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THE beginning of the New Year sees a new approach to the way in which Veterinary Record publishes peer-reviewed research papers. From now on, starting with this issue, papers and short communications will be published continuously online on Veterinary Record's website (veterinaryrecord.bvapublications.com). The print version of the journal will no longer contain the full version of these articles. Instead, the print journal will contain detailed summaries that have been provided by the author(s), highlighting the main findings and significance of the work, along with any factors that might affect interpretation of the results.
The aim of these changes, which were announced in Veterinary Record in June last year (VR, June 19, 2010, vol 166, p 767), is allow us to publish research findings more quickly and make them more accessible to a wider professional readership. Peer-reviewed research is as important to Veterinary Record as it is to the development of the veterinary profession itself and, with its wide distribution among veterinary practitioners as well as institutions undertaking research, one of the key strengths of the journal is communicating new findings to practising vets. Researchers want their findings to be published as quickly as possible in a form that is readily accessible by their scientific peers internationally; in practical terms, this means publication online. Most practitioners, meanwhile, are more likely to read of new developments in print, particularly if they are in a subject outside their main area of interest. As busy clinicians, they also want the information presented in a concise, readable, easily assimilable form. By adopting the new format, which combines the best elements of print and online publishing, we hope to meet the needs of both communities more effectively, while strengthening the links between them.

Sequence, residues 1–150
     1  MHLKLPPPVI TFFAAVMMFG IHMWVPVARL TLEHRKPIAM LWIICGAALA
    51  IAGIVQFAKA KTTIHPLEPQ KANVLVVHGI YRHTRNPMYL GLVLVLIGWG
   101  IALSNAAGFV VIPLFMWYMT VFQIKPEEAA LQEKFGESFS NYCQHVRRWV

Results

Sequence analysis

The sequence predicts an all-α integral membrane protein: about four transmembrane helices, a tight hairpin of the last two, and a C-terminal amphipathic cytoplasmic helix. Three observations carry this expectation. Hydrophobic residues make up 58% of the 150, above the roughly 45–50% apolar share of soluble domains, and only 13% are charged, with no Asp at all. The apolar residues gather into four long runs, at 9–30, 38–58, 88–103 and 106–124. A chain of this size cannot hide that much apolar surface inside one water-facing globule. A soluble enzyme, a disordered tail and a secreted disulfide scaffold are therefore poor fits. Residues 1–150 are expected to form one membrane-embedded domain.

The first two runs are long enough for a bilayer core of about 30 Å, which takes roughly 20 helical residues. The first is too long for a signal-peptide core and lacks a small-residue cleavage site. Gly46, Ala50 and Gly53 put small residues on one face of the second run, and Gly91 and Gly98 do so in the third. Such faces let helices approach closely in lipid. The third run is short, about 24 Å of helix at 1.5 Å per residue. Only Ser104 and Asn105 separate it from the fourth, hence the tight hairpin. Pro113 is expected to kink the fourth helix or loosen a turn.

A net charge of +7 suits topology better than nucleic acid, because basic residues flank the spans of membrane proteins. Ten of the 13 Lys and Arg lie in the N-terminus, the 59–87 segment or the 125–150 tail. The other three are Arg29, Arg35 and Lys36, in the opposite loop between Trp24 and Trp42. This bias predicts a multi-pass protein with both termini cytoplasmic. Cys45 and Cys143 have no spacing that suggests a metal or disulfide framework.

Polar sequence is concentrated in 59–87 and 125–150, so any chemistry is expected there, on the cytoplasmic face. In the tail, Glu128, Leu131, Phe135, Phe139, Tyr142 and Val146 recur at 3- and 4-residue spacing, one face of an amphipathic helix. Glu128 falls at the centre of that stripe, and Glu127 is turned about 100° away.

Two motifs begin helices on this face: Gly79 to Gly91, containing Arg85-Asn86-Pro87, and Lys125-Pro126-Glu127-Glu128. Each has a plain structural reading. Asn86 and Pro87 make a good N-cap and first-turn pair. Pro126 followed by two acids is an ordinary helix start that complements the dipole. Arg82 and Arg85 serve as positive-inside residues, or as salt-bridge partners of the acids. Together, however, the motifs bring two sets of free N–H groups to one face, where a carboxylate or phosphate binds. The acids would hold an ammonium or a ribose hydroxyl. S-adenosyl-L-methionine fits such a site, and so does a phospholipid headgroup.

Once they have been accepted for publication, papers and short communications will be published in the ‘Online First’ section of Veterinary Record's website as soon as they have been copyedited, typeset and approved by the author(s). Available in both PDF and HTML format, the online version will be given a unique doi number and will be the definitive version for citation and bibliometric purposes.
The summaries will be included in the print journal as soon as possible after the article has been published online. They will include more information than is usually the case with research paper abstracts and follow a standard format outlining the context and significance of the work, the approach taken, the results obtained (including any reasons why the results should be interpreted with caution), along with the main conclusion. They will also give the title of the paper and author details, along with the doi number that links to the full paper, so that anyone who wants more detail will be able to obtain this easily by referring to the full paper online.
Summaries of papers will occupy one page in the print journal, and summaries of short communications half a page. Figures and tables will be included where appropriate. Authors will not be required to provide the summary when submitting their article, but will be asked to do so once it has been accepted for publication. Since the new arrangements were announced last June, the response from authors has been very positive. Details are available in the notes for contribution on Veterinary Record's website but if authors wanting to submit an article have any questions, these can be directed to
Veterinary Record is not the only journal taking this approach to publishing original research. A similar approach has been adopted by the British Medical Journal, where it has been well received by contributors and readers (Groves and Schroter 2009).
By appearing as summaries, research papers will take up less space in the print journal, but their fundamental importance to Veterinary Record will not be diminished. The space made available will be put to good use, with a view to publishing more clinically relevant science, not less. As well as review articles, new content will include regular scientific editorials, such as the one by Veronica Roberts on p 17 of this issue, discussing a paper on headshaking in horses which was recently published online and is summarised on p 19. There will also be more feature articles, such as the one by Cathryn Mellersh on DNA testing of dogs, which appears on p 10. Taken together with other improvements to Veterinary Record, which over the past 12 months have included the inclusion of more news, careers and Viewpoint articles, as well as summaries of research articles appearing in other journals, the net effect should be to increase the value of the journal to readers and contributors alike.
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